As China prepares to reopen borders this month, nations around the world are taking or considering measures to test or limit passengers from the Asian nation as COVID-19 infections in China continue to rise and worries about the accuracy of the country’s reporting and sequencing of cases mount.
The Ministry of Health (MOH) of Malaysia announced on 30 December that all travellers entering Malaysia will be screened for fever.
After three years, China has agreed to eliminate its mandatory quarantine on arrival, spurring many Chinese nationals to begin making trip arrangements abroad.
The most recent COVID-19 variant, a sub-variant of Omicron called BF.7, is believed to be the primary factor for the increase in infections in China.
Preventive steps taken
Travellers with a fever, COVID-19 symptoms, or self-declared symptoms will be quarantined or tested by the health authorities. In addition, those who have been to China within the last 14 days must take an Antigen Rapid Test Kit (RTK-Antigen) examination.
Dr Zaliha Mustafa, Malaysia’s Minister of Health, has stated that if these samples test positive for COVID-19, they will be sent for genome testing. At the same time, anyone who has been in close contact with a person who has a severe acute respiratory illness, has flu-like symptoms, or has recently visited China, will also be needed to do a COVID-19 test.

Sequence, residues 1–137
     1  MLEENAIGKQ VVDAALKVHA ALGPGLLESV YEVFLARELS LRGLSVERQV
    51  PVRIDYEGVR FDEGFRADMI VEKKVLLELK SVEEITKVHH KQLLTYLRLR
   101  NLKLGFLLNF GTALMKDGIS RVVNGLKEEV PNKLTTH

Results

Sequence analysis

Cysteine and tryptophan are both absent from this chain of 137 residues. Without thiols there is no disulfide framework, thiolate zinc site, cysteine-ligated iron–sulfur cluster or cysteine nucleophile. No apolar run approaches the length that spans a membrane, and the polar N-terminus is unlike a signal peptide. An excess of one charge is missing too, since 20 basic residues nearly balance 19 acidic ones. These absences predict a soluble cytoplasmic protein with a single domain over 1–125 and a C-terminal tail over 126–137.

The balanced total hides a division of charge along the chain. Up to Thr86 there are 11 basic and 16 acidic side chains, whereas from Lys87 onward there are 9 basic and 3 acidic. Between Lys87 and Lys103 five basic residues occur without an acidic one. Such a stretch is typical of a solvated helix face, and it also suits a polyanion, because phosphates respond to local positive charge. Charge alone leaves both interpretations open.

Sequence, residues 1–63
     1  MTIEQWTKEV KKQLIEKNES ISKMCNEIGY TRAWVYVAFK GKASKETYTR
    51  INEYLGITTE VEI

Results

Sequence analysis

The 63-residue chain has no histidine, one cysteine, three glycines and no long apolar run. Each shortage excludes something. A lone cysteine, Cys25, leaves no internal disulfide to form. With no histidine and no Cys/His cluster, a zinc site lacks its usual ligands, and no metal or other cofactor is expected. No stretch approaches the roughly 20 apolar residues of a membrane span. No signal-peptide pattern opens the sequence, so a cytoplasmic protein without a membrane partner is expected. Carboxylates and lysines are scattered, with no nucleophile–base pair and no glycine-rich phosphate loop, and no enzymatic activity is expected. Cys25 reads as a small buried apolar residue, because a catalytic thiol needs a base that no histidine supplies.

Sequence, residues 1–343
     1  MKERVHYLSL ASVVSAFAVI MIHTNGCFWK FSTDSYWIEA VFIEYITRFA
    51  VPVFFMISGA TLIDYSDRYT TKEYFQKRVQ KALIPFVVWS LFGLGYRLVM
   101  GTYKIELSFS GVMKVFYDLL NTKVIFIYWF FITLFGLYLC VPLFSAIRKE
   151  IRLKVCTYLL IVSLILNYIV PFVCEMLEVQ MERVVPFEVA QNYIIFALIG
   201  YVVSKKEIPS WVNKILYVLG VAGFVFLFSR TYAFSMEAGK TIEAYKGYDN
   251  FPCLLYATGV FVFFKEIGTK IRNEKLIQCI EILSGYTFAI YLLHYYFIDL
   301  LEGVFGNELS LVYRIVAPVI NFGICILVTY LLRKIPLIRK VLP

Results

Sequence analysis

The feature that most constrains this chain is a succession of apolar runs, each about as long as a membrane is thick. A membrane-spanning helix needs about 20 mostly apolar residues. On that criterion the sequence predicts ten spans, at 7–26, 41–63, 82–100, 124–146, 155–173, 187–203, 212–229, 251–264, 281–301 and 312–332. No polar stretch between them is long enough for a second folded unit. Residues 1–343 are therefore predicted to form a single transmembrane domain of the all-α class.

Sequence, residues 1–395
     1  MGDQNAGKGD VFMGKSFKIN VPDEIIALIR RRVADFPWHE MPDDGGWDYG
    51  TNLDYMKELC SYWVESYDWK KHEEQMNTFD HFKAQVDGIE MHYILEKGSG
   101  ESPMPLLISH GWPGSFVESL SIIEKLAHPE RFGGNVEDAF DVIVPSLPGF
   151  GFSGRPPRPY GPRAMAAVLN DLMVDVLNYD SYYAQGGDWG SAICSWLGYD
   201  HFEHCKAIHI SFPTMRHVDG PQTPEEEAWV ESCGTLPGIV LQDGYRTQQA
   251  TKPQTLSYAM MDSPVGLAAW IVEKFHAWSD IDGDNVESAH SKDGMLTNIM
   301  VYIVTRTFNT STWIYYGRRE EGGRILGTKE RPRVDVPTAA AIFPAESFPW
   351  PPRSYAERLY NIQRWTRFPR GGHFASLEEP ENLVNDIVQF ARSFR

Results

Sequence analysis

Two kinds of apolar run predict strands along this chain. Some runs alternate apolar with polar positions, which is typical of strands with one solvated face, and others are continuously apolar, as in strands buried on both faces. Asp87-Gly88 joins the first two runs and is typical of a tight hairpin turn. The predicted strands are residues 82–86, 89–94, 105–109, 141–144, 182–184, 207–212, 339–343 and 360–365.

Dr Zaliha also said that the Ministry of Health will conduct polymerase chain reaction (PCR) studies on sewage samples from inbound flights from China in an effort to identify new strains. Genome sequencing will be performed on the samples if the results came back positive for COVID-19.
In view of China’s COVID-19 outbreak, Dr Zaliha has urged people to receive their second COVID-19 booster shot. She highlighted that only 49.8% of Malaysians have received their first booster dose, while 1.9% have received their second booster dose.
She also recommends that in addition to regular testing, everyone should keep up their routines of using wearing masks, keeping their distance, and practising good hygiene in order to limit the spread of infection.